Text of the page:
Pandemic pivots: rising up to the challenge
From gin to hand sanitiser, high fashion to personal protective equipment (PPE), there are great instances of Australian businesses rising to the challenges posed by a global pandemic in creative and unexpected ways.
As COVID-19 restrictions closed borders and smashed established international supply chains, ‘business as usual’ was turned on its head.
Ballarat's Gekko Systems is one example of an early adapter, leveraging a quarter century of capability in mining services and technology to meet an urgent community need.
When the Ballarat-based company heard the local medical community was concerned about a lack of ventilators in the region to meet COVID-19 requirements, it sprang into action.
Gekko's Technical Director, Sandy Gray, a successful inventor and an International Mining Hall of Fame inductee, worked with local intensive care anaesthetists and another Ballarat company, Eurkative, to 3D print a prototype.
“One of the unique things about Gekko is that we have design, prototyping and manufacturing under the one roof,” said co-founder Elizabeth Lewis-Gray. “Our areas of specialty include hydraulics, pneumatics and control systems – the core technologies in a ventilator.”
Gekko Systems is gearing up to deliver more than 1,000 of its GeVentor ventilators for distribution across Australia.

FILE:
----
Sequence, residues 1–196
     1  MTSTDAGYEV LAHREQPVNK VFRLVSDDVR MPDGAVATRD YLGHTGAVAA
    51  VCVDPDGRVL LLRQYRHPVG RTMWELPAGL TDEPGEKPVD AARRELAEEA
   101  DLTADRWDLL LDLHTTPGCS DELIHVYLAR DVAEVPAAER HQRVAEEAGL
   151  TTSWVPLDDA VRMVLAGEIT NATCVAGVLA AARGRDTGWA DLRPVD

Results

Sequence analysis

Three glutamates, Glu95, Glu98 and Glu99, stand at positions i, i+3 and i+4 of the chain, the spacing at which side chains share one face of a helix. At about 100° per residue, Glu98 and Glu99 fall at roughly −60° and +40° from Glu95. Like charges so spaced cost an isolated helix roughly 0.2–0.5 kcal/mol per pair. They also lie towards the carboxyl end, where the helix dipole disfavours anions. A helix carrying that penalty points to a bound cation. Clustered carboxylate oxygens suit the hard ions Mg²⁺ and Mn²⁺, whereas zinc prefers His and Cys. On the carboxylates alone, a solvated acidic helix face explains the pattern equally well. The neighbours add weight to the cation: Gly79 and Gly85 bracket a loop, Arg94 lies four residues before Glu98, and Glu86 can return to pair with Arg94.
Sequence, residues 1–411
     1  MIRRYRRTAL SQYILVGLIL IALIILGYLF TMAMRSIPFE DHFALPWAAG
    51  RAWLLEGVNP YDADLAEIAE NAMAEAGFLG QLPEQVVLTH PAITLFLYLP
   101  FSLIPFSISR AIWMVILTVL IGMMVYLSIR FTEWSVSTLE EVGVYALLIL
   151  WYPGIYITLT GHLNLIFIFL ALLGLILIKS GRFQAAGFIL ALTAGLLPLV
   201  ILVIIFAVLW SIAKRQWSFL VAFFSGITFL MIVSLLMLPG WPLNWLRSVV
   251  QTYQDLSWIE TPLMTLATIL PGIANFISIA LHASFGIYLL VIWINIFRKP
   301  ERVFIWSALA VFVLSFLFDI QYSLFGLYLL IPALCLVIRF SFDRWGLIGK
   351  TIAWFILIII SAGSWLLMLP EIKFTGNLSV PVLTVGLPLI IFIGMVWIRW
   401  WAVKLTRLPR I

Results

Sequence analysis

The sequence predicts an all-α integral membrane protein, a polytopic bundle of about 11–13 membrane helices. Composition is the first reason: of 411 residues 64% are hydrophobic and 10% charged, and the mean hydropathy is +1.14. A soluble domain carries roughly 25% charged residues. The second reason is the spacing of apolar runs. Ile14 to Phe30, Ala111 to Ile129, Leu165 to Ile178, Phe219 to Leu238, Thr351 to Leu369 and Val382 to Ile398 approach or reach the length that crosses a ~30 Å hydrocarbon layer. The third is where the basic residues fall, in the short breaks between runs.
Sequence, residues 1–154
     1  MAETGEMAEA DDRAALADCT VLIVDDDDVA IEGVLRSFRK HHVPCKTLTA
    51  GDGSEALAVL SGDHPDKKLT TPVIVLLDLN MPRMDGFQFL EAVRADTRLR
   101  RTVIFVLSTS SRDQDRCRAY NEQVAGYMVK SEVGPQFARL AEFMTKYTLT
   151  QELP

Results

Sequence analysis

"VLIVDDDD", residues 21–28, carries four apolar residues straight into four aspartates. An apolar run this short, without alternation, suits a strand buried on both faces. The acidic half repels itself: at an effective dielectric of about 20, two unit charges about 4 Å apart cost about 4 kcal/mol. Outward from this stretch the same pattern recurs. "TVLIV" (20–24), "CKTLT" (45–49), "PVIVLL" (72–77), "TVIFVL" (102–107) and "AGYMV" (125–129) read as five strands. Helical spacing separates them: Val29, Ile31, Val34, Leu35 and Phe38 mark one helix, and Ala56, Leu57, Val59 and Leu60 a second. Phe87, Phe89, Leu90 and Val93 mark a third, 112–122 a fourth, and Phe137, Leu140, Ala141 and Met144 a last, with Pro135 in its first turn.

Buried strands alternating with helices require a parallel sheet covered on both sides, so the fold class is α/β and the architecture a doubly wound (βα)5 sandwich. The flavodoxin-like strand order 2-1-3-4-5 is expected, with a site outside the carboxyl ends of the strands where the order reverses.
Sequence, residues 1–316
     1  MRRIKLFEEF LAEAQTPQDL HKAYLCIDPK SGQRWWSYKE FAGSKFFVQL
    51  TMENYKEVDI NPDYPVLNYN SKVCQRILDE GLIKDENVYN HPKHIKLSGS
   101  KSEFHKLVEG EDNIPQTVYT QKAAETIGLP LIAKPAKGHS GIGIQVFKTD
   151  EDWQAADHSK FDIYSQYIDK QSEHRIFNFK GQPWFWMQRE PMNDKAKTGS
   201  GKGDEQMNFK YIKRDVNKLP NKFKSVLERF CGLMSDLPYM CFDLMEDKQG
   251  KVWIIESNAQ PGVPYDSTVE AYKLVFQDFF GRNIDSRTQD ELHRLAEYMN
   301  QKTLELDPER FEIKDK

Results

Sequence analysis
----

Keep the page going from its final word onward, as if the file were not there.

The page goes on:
Gekko's adaptability and ingenuity in the face of seismic changes in the trade and investment landscape were echoed elsewhere.
Other sectors were also quick to make manufacturing switches in response to COVID-19, including distilleries such as Gypsy Hub of Victoria and Prohibition Liquor Co of South Australia, which started producing hand sanitiser, and fashion houses Nobody Denim and Scanlon Theodore, which started making personal protective clothing, including masks and gowns.
“COVID-19 has created extraordinary volatility and uncertainty around the world. It has fundamentally recast global supply chains, significantly impacted trade and investment flows and hastened the transition to digital ways of working and living.” says Tim Beresford, Austrade's acting Chief Executive Officer.
“Like the private sector, Austrade is adapting to these challenges creatively to help exporters maintain their overseas customers despite disruption to freight routes, rising costs and quarantine measures.”
Internationally, the response from Australian businesses has been no less impressive.
As Australian businesses navigate a newly uncertain environment in 2020, new opportunities are arising.
AwakenedMind, a Sydney-based start-up that participated in Austrade’s Landing Pad program for innovation start-ups in Singapore, has caught the eye of Asia’s largest employee benefits package producer with a healthcare app designed to assist employees dealing with stress.
RxMx, which offers digital management of drug use for clinicians and patients, adapted its platform and launched 'certify covid clear' to help businesses speed up their return to work post-lockdown. It provides seamless diagnostic testing, reporting and analysis in one app to track and manages employees as they return to work.
For more stories of innovative Australian businesses, visit austrade.gov.au